Most opportunities for stem cell retrieval still depend on an embryo, though in utero situations actually provide more opportunities for collecting pluripotent stem cells than artificially created or lab-cloned embryos (Garg, 2008). Evidence suggests that these cells, though present in such places as the amniotic sac and the placenta, which are mostly biological products of the mother's body, the stem cells found in these places are almost certainly products of the growing embryo and fetus (Barcena et al., 2009). Again, the mechanisms and factors that contribute to subtle changes in these stem cells are not full understood, but the fact that even stem cells retrieved from non-embryonic locales still bear the stamp of their embryonic stem cell origins is another strong indicator that embryonic stem cells represent the highest pluripotency.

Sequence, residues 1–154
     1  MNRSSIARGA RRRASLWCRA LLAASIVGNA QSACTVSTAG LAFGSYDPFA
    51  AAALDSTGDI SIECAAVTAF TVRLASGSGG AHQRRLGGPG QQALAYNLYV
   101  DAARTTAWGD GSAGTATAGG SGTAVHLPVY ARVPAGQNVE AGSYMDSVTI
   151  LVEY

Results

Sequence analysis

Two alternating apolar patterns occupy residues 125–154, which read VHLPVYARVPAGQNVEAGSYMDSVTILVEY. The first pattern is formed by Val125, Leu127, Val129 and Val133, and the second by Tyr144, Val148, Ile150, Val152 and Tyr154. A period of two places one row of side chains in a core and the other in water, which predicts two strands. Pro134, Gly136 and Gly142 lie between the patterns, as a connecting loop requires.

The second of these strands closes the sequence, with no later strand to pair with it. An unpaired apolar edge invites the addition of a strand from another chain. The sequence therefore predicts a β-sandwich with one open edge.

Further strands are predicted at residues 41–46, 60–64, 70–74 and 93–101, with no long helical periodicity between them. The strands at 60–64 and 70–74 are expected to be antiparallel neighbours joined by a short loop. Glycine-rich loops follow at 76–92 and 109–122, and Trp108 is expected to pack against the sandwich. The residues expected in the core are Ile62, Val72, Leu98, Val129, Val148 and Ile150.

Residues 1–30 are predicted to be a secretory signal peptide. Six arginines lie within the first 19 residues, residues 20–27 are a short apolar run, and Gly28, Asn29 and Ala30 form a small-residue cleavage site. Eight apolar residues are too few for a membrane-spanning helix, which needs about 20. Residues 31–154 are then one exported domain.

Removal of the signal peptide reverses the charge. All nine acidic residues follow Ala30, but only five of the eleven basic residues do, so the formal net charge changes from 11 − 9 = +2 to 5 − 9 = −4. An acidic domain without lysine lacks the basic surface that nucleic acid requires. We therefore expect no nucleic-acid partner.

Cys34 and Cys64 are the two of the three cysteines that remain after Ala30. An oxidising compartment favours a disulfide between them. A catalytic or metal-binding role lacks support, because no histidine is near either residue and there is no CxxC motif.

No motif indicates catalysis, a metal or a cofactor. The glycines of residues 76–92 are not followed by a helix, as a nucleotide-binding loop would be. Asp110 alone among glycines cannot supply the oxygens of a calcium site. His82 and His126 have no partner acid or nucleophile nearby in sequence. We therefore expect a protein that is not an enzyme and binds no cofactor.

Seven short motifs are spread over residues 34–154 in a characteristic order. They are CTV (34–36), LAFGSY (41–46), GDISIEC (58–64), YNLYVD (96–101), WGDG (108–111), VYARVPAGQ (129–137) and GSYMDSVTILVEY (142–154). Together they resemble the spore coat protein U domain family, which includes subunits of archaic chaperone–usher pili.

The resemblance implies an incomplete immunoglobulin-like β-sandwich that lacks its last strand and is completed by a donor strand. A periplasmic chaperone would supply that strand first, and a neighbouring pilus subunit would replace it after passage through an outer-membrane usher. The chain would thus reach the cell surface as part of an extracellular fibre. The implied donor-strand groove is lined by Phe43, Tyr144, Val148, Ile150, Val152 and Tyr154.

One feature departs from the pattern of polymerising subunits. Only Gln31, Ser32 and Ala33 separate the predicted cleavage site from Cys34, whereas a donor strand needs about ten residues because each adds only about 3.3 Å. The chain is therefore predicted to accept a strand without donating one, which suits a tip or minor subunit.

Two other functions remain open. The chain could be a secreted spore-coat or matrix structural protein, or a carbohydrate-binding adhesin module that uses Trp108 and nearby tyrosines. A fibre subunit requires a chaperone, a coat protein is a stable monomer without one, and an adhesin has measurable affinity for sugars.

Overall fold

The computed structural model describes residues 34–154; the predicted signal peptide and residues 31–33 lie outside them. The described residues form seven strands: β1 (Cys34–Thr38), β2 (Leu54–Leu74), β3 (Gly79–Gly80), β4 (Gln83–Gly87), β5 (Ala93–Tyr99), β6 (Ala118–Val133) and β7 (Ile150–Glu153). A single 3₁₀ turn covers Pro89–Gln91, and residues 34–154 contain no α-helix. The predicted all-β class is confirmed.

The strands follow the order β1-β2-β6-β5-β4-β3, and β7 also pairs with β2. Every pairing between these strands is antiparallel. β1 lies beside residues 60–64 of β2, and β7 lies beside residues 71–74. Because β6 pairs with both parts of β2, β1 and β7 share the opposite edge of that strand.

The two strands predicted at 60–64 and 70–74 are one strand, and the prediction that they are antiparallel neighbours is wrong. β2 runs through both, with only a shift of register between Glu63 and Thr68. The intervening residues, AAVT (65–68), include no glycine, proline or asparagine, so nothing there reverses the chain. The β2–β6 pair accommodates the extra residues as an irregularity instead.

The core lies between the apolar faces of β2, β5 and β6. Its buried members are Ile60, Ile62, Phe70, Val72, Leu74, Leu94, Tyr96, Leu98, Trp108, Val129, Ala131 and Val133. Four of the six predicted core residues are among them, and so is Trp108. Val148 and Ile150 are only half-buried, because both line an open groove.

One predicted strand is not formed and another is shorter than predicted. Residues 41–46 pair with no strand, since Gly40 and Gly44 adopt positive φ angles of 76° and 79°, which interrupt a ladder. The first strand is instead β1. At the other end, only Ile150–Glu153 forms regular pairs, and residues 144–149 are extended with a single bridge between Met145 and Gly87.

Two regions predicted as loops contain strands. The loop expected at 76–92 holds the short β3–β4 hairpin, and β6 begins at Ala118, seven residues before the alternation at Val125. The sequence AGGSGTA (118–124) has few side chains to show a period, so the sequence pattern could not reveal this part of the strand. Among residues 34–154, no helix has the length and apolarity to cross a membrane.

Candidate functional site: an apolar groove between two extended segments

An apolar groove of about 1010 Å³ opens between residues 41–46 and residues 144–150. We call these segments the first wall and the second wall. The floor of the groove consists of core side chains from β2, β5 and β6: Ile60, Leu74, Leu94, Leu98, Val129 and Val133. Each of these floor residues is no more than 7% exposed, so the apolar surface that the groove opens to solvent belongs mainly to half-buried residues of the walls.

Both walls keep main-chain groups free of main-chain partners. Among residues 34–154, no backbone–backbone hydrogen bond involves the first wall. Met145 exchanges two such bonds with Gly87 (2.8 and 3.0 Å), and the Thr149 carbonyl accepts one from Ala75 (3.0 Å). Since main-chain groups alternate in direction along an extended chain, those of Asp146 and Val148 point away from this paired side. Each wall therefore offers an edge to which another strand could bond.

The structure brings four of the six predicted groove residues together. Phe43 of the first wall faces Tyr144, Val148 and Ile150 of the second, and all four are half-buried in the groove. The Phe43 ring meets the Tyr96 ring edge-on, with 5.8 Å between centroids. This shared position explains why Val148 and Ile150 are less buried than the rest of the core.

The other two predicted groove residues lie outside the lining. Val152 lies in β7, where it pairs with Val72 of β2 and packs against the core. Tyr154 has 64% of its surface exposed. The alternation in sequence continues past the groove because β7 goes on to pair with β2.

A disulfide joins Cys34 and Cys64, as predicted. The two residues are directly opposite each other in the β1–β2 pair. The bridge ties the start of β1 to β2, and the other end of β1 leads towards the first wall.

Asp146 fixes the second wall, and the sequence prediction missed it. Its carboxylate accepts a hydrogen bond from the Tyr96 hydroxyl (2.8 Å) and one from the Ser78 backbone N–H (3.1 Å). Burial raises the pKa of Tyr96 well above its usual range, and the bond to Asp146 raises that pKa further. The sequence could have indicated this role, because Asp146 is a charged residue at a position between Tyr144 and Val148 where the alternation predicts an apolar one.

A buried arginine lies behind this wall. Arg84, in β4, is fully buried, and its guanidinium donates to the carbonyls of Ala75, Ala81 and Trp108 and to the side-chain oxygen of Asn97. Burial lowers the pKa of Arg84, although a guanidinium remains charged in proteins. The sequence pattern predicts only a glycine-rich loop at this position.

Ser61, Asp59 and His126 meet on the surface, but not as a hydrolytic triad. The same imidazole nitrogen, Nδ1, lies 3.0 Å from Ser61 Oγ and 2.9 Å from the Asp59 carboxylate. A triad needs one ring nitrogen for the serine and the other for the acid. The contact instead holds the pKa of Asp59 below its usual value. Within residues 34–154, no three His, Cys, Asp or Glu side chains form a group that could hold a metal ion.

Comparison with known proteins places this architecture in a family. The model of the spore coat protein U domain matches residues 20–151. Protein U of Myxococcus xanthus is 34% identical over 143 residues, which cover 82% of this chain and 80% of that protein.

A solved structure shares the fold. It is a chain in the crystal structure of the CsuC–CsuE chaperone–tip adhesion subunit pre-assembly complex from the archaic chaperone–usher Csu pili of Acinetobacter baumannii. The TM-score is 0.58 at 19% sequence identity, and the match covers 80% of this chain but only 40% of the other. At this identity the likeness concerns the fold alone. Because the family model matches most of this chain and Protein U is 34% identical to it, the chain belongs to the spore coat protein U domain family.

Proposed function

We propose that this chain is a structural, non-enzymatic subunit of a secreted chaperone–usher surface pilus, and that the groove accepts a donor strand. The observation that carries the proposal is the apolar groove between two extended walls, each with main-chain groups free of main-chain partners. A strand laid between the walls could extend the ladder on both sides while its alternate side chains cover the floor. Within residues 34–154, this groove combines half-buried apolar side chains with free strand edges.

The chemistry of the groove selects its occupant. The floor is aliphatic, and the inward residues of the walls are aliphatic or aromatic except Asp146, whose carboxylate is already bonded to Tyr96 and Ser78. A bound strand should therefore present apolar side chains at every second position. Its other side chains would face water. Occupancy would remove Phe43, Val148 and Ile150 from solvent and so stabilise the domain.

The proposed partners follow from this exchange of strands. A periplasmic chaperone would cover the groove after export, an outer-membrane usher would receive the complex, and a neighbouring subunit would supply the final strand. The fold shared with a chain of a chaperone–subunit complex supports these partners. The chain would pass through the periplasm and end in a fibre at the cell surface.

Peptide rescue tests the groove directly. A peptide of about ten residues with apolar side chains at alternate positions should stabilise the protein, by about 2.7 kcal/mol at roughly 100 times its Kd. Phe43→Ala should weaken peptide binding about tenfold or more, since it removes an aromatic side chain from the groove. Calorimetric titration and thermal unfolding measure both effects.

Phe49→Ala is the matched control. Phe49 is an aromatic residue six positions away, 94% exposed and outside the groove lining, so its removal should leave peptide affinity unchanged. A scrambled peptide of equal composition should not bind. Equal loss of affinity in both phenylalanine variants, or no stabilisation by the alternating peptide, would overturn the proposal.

This does not mean that other stem cells are not effective, however, but merely that they are less effective and less widely usable than human embryonic stem cells. Certain types of stem cells still show significant signs of pluripotency; endometrial stem cells found in menstrual blood have even shown the ability to differentiate into neural cells as well as many others (Garg, 2008).